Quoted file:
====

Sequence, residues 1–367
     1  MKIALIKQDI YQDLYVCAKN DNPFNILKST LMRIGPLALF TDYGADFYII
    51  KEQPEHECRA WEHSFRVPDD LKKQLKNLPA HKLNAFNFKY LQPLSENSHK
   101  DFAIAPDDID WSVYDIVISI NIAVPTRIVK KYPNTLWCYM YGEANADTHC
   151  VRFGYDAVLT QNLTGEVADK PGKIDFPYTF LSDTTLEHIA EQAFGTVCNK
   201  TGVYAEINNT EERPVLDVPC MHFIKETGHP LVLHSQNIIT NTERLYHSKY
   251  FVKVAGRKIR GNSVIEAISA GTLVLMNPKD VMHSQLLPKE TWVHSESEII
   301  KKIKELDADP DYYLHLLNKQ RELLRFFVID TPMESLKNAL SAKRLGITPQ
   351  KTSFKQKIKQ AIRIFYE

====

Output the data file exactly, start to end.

Sequence, residues 1–367
     1  MKIALIKQDI YQDLYVCAKN DNPFNILKST LMRIGPLALF TDYGADFYII
    51  KEQPEHECRA WEHSFRVPDD LKKQLKNLPA HKLNAFNFKY LQPLSENSHK
   101  DFAIAPDDID WSVYDIVISI NIAVPTRIVK KYPNTLWCYM YGEANADTHC
   151  VRFGYDAVLT QNLTGEVADK PGKIDFPYTF LSDTTLEHIA EQAFGTVCNK
   201  TGVYAEINNT EERPVLDVPC MHFIKETGHP LVLHSQNIIT NTERLYHSKY
   251  FVKVAGRKIR GNSVIEAISA GTLVLMNPKD VMHSQLLPKE TWVHSESEII
   301  KKIKELDADP DYYLHLLNKQ RELLRFFVID TPMESLKNAL SAKRLGITPQ
   351  KTSFKQKIKQ AIRIFYE